A federal judge on Thursday dismissed Stan Lee Media’s multibillion-dollar lawsuit against Disney, potentially ending its long and confusing legal battle to claim ownership of the Marvel characters co-created by Stan Lee. The failed dot-com has had no connection to its co-founder and namesake in more than a decade; in fact, the two have sued each other on a few occasions.
As Deadline reports, in granting Disney’s motion to dismiss the 2012 copyright-infringement complaint, U.S. District Judge William J. Martinez didn’t attempt to hide his annoyance with the litigious Stan Lee Media, whose tangled web of lawsuits began it at least 2007, just months after the company emerged from federal bankruptcy protection.
“Plaintiff has tried time and again to claim ownership of those copyrights; the litigation history arising out of the 1998 Agreement stretches over more than a decade and at least six courts,” Martinez wrote in his 11-page order. “Taking its cue from the Southern District of New York and the Central District of California, this Court holds that Plaintiff is precluded from re-litigating the issue of its ownership of copyrights based on the 1998 Agreement …” He said it would be “futile” to permit Stan Lee Media to amend the lawsuit.
Thirteen years after his original arrest on child-molestation charges, DragonCon co-found Ed Kramer is at last heading to trial. Or, at least he has a trial date.
The Gwinnett (Georgia) Daily Post reports that following a two-and-a-half-hour hearing on Monday, Gwinnett County Superior Court Judge Karen Beyers added the Kramer case to the judicial calendar for the weeks of Dec. 2 and 9 — and according to Kramer’s attorney McNeill Stokes, his client “wants to go to trial.”
Kramer was originally arrested on charges of molesting three teenage boys between 1996 and 2000, but the trial has been repeatedly delayed since his 2003 indictment through legal maneuverings and claims of declining health, which at one point apparently required the attention of 16 physicians. He was first released on bond in November 2000, less than three months after his arrest, but he was back in jail within days when a neighbor reported seeing a teenage boy enter his home.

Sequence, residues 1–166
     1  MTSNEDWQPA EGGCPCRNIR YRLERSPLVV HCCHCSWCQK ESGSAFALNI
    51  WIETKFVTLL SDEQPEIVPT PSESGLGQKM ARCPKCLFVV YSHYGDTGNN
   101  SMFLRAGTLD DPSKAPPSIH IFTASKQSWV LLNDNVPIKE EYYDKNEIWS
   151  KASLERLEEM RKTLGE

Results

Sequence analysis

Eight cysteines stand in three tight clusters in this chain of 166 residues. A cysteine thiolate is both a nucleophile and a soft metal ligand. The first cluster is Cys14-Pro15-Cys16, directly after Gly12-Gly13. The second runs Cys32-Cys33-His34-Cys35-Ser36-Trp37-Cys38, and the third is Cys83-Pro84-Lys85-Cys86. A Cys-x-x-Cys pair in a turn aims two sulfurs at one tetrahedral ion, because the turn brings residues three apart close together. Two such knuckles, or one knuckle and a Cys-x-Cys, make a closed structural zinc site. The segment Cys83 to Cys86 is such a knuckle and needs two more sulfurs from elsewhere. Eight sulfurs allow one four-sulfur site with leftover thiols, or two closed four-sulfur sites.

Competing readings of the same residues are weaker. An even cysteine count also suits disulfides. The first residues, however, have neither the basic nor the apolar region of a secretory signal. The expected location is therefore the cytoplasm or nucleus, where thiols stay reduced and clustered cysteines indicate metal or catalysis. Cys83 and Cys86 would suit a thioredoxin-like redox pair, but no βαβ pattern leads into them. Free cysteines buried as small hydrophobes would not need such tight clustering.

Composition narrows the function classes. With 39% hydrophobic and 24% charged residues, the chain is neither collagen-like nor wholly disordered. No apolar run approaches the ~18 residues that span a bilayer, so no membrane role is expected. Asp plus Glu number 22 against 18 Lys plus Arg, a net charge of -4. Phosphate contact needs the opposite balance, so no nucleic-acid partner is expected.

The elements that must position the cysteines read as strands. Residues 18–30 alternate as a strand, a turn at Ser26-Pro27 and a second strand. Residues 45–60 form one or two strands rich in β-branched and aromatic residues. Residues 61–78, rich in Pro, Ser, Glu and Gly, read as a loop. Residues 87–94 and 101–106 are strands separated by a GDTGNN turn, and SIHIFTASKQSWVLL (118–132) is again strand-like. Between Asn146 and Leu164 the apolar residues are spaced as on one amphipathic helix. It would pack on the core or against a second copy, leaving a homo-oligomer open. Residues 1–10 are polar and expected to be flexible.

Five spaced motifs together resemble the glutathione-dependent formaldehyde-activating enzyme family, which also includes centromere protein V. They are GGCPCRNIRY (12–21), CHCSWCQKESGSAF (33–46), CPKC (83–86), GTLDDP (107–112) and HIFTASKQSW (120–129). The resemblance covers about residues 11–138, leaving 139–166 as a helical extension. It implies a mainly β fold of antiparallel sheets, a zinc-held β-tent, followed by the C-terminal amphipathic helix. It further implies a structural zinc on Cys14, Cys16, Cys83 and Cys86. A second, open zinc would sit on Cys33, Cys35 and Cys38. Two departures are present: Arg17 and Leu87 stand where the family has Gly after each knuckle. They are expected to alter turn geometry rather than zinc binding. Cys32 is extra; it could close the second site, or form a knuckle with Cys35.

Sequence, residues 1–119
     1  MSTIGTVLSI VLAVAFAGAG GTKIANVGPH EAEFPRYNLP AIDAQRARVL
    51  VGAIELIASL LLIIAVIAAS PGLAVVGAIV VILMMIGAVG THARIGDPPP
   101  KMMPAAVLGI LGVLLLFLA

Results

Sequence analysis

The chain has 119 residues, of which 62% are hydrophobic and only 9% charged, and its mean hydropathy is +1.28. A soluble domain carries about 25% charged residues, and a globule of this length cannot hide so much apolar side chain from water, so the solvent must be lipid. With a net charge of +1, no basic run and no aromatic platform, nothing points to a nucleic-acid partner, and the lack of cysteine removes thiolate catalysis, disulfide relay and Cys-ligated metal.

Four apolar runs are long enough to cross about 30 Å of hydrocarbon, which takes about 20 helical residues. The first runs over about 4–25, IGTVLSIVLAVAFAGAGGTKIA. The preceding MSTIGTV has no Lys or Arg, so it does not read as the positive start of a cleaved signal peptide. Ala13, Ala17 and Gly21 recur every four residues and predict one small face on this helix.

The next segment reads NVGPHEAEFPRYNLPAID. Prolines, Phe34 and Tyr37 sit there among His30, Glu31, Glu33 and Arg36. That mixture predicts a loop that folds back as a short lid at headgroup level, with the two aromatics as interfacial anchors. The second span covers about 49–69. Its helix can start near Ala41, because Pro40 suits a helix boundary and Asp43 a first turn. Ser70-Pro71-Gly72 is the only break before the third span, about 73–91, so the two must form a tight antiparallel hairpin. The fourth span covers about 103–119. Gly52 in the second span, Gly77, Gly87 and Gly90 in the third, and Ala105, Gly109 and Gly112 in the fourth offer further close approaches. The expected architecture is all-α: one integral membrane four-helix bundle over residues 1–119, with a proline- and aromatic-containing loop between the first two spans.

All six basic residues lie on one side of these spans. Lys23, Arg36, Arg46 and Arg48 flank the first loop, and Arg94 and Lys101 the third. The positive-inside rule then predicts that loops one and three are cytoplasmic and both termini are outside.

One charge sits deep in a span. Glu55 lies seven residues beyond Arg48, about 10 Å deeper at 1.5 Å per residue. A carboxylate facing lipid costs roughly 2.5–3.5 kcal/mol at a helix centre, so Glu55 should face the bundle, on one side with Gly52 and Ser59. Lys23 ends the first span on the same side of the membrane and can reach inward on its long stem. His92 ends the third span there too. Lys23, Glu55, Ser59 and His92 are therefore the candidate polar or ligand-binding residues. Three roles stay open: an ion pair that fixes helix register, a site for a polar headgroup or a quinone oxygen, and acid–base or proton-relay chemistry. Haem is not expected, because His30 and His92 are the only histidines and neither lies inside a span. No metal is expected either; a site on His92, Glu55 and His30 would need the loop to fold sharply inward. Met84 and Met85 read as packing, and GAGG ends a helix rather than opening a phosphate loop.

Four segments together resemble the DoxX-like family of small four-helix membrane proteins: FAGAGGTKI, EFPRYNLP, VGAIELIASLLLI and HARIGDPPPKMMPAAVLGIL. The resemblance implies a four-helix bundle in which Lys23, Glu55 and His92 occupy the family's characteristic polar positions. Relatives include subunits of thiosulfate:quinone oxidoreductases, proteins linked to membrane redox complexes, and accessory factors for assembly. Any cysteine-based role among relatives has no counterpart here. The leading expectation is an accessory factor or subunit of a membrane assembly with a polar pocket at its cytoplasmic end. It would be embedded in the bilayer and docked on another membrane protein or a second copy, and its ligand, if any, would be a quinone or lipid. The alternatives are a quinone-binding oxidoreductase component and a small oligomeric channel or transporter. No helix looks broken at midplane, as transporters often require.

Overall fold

Following claims of a January 2001 assault by a deputy, Kramer was placed on house arrest, an order later modified to permit travel between Georgia and New Jersey or New York to receive medical treatments and visit his ailing mother. Under the conditions of the bond, he was to report his weekly location and not have any unsupervised contact with children under the age of 16. However, in September 2011, he was arrested in Connecticut after he allegedly was found alone in a hotel room with a 14-year-old boy. He was extradited back to Georgia in January 2013 to face six counts of child molestation.
The Second Circuit Court of Appeals handed Marvel a significant victory this morning, upholding a 2011 ruling that Jack Kirby’s contributions to the publisher in the 1960s were work for hire, and therefore not subject to copyright reclamation by the artist’s heirs.
However, as Tom Spurgeon first reported, the appellate court vacated the New York district judge’s summary ruling against two of Kirby’s children, California residents Lisa and Neal, on jurisdictional grounds; the judgment against Susan and Barbara stands.
Secondarily, the Second Circuit upheld the lower court’s exclusion of expert testimony offered by John Morrow and Mark Evanier on behalf of the Kirby heirs, agreeing that “their reports are by and large undergirded by hearsay statements, made by freelance artists in both formal and informal settings, concerning Marvel’s general practices towards its artists during the relevant time period.”
In a preemptive move, Studio JMS has sued a self-publisher who threatened legal action over a character in J. Michael Straczynski’s Sidekick. The dispute centers on the Red Cowl, the former masked mentor of the protagonist in the upcoming series from Joe’s Comics and Image Comics.
Straczynski and Image Comics Publisher Eric Stephenson received a cease-and-desist notice in late May from an attorney representing Richard A. Hamilton of Dial “C” for Comics, insisting that the Cowl (as he was then called) infringes on his client’s trademark and copyright for a costumed character of the same name in the series Miserable Dastards.
According to the lawsuit, filed late last month in federal court in Los Angeles, despite seeing no similarities between the two characters, Studio JMS changed the name to the Red Cowl in hopes of arriving at an “amicable resolution,” and “for other creative reasons.” It’s when Hamilton’s lawyer was notified of the alteration that the conflict got interesting — or at least extremely prickly.
U.S. District Judge Katherine Forrest made the order a little more than two weeks after the 2nd Circuit Court of Appeals overturned her 2011 decision rejecting Friedrich’s claims that the copyright to the Spirit of Vengeance reverted to him a decade earlier. According to Deadline, Marvel’s lawyers indicated Thursday in a conference meeting that they won’t challenge the appeals court ruling, and will file a motion for a jury trial.